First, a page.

Tuesday, March 28, 2017

Immanuel Kant on the Fire Prophecy of Swedenborg, by William White 1874

Immanuel Kant on the Fire Vision of Swedenborg, by William White 1874

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On the 19th of July, 1759, we find Swedenborg at Gottenburg. Here occurred the following circumstance, of which Immanuel Kant, the celebrated transcendentalist, is the narrator.

"On Saturday, at 4 o'clock, P. M.," says Kant, "when Swedenborg arrived at Gottenburg from England, Mr. William Castel invited him to his house, together with a party of fifteen persons. About 6 o'clock, Swedenborg went out, and after a short interval returned to the company, quite pale and alarmed. He stated that a dangerous fire had just broken out in Stockholm, at Sundermalm, (distant three hundred miles from Gottenburg,) and that it was spreading very fast. He was restless, and went out often. He said that the house of one of his friends, whom he named, was already in ashes, and that his own was in danger. At 8 o'clock, after he had been out again, he joyfully exclaimed: 'Thank God! the fire is extinguished the third door from my house.' This news occasioned great commotion among the company. It was announced to the governor the same evening. The next morning, Swedenborg was sent for by the governor, who questioned him concerning the disaster. Swedenborg described the fire precisely, how it had begun, in what manner it had ceased, and how long it had continued. On the same day the news was spread through the city; and as the governor had thought it worthy of attention, the consternation was considerably increased, as many were in trouble on account of their friends and property, which might have been involved in the disaster. On Monday evening, a messenger arrived at Gottenburg, who was despatched during the time of the fire. In the letters brought by him, the fire was described precisely in the manner stated by Swedenborg. On Tuesday morning, a royal courier arrived at the governor's with the melancholy intelligence of the fire, of the loss it had occasioned, and of the houses damaged and ruined, not in the least differing from that which Swedenborg had given the moment it had ceased: the fire had been extinguished at 8 o'clock.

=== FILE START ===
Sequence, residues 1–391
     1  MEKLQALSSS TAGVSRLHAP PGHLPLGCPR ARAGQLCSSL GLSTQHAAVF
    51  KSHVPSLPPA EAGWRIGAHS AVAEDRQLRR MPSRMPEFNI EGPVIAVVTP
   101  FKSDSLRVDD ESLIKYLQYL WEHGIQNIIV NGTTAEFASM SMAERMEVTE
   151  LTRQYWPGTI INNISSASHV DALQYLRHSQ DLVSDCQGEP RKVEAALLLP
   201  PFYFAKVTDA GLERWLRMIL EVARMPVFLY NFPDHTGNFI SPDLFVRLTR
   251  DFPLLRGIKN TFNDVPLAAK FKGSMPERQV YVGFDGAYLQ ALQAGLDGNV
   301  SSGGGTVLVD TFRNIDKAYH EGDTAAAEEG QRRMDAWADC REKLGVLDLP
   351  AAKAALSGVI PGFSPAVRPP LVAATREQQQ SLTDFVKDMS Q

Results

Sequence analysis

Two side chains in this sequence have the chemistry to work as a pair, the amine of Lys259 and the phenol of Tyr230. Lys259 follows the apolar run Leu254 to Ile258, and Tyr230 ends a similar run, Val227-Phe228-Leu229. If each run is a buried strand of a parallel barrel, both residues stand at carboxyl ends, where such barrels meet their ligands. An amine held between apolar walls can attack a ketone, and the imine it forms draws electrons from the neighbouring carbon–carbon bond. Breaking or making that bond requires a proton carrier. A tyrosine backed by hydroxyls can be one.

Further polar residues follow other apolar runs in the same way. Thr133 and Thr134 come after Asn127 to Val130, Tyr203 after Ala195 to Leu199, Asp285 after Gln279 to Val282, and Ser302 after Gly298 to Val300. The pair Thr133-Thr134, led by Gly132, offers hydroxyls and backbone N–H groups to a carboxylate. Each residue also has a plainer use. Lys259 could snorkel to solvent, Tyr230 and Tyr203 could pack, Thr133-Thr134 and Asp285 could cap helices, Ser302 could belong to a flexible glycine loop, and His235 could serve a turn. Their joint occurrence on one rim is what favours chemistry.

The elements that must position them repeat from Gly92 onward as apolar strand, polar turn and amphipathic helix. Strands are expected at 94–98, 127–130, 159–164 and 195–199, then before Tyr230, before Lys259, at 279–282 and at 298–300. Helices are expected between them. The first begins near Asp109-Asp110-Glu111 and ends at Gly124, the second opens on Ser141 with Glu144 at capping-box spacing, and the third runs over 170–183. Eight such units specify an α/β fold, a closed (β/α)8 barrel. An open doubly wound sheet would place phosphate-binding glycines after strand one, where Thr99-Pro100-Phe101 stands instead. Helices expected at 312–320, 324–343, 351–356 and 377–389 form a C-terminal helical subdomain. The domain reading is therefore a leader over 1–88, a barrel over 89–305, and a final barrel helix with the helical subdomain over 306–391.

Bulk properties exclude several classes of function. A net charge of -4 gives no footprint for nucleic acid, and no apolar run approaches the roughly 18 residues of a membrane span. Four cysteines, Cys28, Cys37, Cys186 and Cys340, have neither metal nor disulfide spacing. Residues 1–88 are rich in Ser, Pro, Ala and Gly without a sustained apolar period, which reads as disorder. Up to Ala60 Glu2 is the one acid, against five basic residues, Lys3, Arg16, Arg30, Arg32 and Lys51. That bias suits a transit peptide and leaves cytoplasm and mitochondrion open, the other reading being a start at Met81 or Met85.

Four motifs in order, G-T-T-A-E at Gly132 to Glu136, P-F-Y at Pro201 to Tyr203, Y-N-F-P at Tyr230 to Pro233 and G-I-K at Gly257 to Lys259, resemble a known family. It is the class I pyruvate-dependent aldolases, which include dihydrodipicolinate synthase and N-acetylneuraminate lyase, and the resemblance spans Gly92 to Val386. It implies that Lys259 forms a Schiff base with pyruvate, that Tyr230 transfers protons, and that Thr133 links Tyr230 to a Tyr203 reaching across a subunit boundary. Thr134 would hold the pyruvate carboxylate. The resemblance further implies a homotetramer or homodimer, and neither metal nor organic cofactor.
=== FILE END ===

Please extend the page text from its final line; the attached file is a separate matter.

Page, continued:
"What," continues Kant, "can be brought forward against the authenticity of this occurrence? My friend who wrote this to me, has not only examined the circumstances of this extraordinary case at Stockholm, but also, about two months ago, at Gottenburg, where he is acquainted with the most respectable houses, and where he could obtain the most authentic and complete information, as the greatest part of the inhabitants, who are still alive, were witnesses to the memorable occurrence."

This narrative is taken from a letter written by Kant, in 1768, to Charlotte de Knobloch, a lady of quality. Kant, it may be remarked, was no adherent of Swedenborg's. Two years before writing this letter, he had attacked him in a small work entitled, "Dreams of the Great Seer Illustrated by Dreams of Metaphysics." Received from such a source, we can entertain no doubt as to the truth of the story.

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